The simplest way to do this is to let the computer take the information from the Avionics Check and search its database of known spacecraft. Most rockets have filed a flight plan with local traffic control and their departure times were recorded. It only takes a Moderate Computer Operation Skill Check to determine who most civilian craft are in the Black Desert.
Some craft, however, are not so easily discovered. Military craft, while common in some locations, will have their flight data and manifests classified, offering little more information for the curious than the initial Avionics check can uncover. Others are smugglers, freebooters and other shady rockets that lifted from unofficial spaceports and lack flight plans altogether, or else have payed someone to conceal their movements. In these cases, more creative methods must be found.
A Moderate to Very Difficult Computer Operation/Hacking Skill Check can reveal the relevant information on an unknown military spacecraft. This Check is modified by the Avionics value from the Detection Phase. For every Difficulty Level passed above Very Easy on the initial check, all checks in the Determination Phase are lowered by one Difficulty Level.
In addition to Hacking, the PCs may also attempt to use Allies and Contacts to find the information for them. Allies will usually help the PCs, if they can, in exchange for a favor in return, to be determined later by the GM. Contacts are more expensive, requiring a bribe. The value of the needed bribe is usually L$U 500 times the Difficulty Level. For ease of use, a table has been provided below:

Difficulty Level
Very Easy
L$U 0
L$U 500
L$U 1000
L$U 1500
Very Difficult
L$U 2000
L$U 2500
In addition to the bribe, the PC must make a Moderate to Very Difficult Bargain Skill Check. If the PC has money to burn, They can increase the bribe, thus decreasing the Bargain roll's Difficulty. Likewise, if they are short on cash, they can attempt to bargain at an increased difficulty.
An Automatic Failure on the Bargain Check not only means the bribe is wasted, but that the Contact in question betrays or cheats the PC is some way. An automatic success means that the bribe is L$U 500 less than it otherwise would be, even if that means no bribe is needed. Bribing can be attempted with strangers; The level of Difficulty starts at Very Difficult and the Bribe values are doubled. All other rules involving Contacts apply.
While the Avionics bonus can help the NPCs searching on the Player's behalf, it does not modify the Bargain Skill Check.

Example: Tusk, Tildé and Niles roll Computer Operation to determine the identities of the Bogeys, each taking one. Wade, not skilled in computers, declines to roll until he sees a chance to assist in some way. The initial Avionics roll made by Tildé was a 14 (she got a Wild Bonus), which is enough to drop the Difficulty for each of the Bogeys by two Levels. Tusk easily digs up the info on the Georgiana Spencer (a Moderate Check reduced to Very Easy). Tildé, however, has less luck. The GM decided Bogey Two is the bad guy, and made the Difficulty Impossible. Even reduced to Difficult, Tildé only rolls 22- three less than she needed. Niles makes his roll and succeeds in uncovering the other red herring.
Since Tildé failed her roll, Wade takes a different approach. Using his large Dice Pools in less-than-noble Skills, Wade calls one of his many contacts. The GM determines the Difficulty for the Bargain Check is Difficult, But as the PCs are very limited in funds (only L$U 950 in total) Wade's actual Difficulty is Impossible. The Skill Check only has a slim chance of success.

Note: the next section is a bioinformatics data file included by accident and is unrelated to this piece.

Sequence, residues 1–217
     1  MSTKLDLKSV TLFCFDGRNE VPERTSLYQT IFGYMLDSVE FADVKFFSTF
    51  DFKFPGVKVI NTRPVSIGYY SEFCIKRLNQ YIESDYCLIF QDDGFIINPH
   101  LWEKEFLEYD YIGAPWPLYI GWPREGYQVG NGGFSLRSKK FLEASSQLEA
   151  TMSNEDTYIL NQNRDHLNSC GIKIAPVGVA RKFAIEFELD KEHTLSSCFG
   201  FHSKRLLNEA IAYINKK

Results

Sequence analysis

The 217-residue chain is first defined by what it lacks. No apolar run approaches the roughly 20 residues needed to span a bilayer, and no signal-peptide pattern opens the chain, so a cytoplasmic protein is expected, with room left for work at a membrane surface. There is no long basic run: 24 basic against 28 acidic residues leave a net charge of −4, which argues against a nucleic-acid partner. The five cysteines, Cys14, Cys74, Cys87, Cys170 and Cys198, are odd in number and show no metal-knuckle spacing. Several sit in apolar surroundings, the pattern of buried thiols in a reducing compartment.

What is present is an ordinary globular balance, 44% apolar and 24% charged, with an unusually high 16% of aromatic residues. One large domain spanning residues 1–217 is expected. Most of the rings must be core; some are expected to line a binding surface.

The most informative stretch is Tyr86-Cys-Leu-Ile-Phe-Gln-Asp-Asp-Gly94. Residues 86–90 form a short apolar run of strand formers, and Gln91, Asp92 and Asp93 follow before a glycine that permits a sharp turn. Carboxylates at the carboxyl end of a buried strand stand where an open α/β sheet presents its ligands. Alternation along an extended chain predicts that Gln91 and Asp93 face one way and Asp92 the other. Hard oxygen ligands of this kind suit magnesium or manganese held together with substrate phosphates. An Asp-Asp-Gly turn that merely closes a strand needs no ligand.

Phase Three: Decision
“-and thanks again, Charlie. Yes, just use the locker combo and that liter of Martian Burgundy is yours. You sure earned it.” Wade cut the connection. “and that's that, folks. Our mystery rocket blasted out of Europe three days ago. No official flight plan was filed, but Charlotte dug up a transaction for a full load of fuel prior to departure. Single-H and Lox, not water.”
Niles whistled. “One does not surface-fuel with cryogenic gases without ill intent.”
“Fourteen hours until intercept.” Tusk said.
Tildé smiled without mirth. “At least Bogey Three turned out to be harmless.”
Annabelle cleared her non-existent throat. “All hands, prepare for action.”
Wait, are we fighting or running?”
“Are you serious?” Annabell responded, “We run. I've just been detailed!”

Once enough information has been gathered to determine friend or foe, the PCs must decide what their next course of action is. There are only two choices; Flight, or Fight.
This choice involves a bit of a gamble. Running has the advantage of living to run another day, with the potential risk of using too much propellant and being unable to slow down at one's destination. Fighting it out is usually easier on the gas tanks, involving only minor vector changes to reach an advantageous position, but is dangerous in its own right for reasons that should be obvious.
PCs can make, Engineering, Nuclear Engineering, Spacecraft Operation,and Strategy and Tactics Skill Checks in order to determine the best course of action.

Example: By spending two Progress Points (one before the Skill Check and one after, for a total on +1D+1), Wade manages to succeed at his Bargain Check. The GM makes something up about an emergency “cash drop” of contraband hooch and gives the PCs just enough info to let Niles make an Engineering Check and confirm Bogey Two is a threat.
Tusk and Tildé make Spacecraft Operation and Strategy and Tactics Checks respectively. Based on what the PCs know (that the mystery ship is probably a nasty customer and the Annabelle isn't armed for battle) the GM advises discretion. The PCs decide to make a run for it – change their vector just enough to make it impossible for the pursuing spacecraft to get in range without overextending their available -V and being unable to safely land on Luna.